Mopping up the Sixties

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The Independent Culture
In 1964, 23-year-old Australian, Robert Whitaker, was already running his own photographic studio when he was invited to take the pictures for a Brian Epstein interview. It was the Beatles' first tour of Australia, and Whitaker seized the opportunity to woo their manager, using a double exposure to produce a portrait of Epstein with peacock feathers around his head. His efforts paid off. Epstein, enchanted by Whitaker's inventiveness, presented him with an offer he couldn't refuse: the chance to come to England, under Epstein's management, and take unlimited photographs of the world's most famous band. But while he was responsible for some of the most imaginative pictures of John, Paul, George and Ringo - like the group shot at EMI's recording studios, used on the back of Revolver - Whitaker used his time in London to take in a much wider view of contemporary life. A new exhibition, "Sixties London: The Photographs of Robert Whitaker 1965-70", reveals a host of material, ranging from out- takes from film sets - Mick Jagger in Performance, Julie Christie in The Go-Between - to scenes in and around Carnaby Street and the Kings Road. Must-sees include Germaine Greer shot close-up in banshee-like make-up, John, Cynthia and Julian Lennon playing at happy families in their Weybridge home in 1965 (left) and Ringo's wife, Maureen, photographed in her hospital bed, dressed in a lacy pink negligee, smoking a fag and inspecting her nails. Lastly, there's the still deliciously shocking cover shot from the US compilation Yesterday and Today of the four grinning Beatles, wearing white overalls and covered in raw meat. The picture was, of course, banned. The squeaky clean mop-tops were then still only dreaming of rebellion. Epstein would never have allowed it.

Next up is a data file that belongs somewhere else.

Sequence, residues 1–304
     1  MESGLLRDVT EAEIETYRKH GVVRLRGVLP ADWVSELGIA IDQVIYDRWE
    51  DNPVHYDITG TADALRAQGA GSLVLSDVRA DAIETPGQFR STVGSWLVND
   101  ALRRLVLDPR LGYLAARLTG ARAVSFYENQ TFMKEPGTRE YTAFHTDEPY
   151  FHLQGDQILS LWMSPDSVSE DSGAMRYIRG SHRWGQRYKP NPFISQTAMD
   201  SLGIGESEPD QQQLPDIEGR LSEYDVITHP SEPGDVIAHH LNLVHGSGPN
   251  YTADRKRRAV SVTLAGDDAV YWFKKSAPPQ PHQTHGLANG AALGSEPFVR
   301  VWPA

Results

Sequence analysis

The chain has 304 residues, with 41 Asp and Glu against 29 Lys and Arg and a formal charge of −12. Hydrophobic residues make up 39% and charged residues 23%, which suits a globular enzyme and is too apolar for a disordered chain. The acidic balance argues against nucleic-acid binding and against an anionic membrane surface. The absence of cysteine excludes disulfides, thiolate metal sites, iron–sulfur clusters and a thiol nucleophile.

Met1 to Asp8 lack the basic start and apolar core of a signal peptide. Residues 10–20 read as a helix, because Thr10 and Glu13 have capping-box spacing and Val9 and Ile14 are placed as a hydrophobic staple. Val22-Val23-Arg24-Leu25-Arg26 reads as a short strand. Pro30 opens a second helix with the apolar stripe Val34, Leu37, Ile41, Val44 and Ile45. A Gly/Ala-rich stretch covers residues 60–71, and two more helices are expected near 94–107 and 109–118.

National Portrait Gallery, St Martin's Place, London WC2, opens today to 4 Sept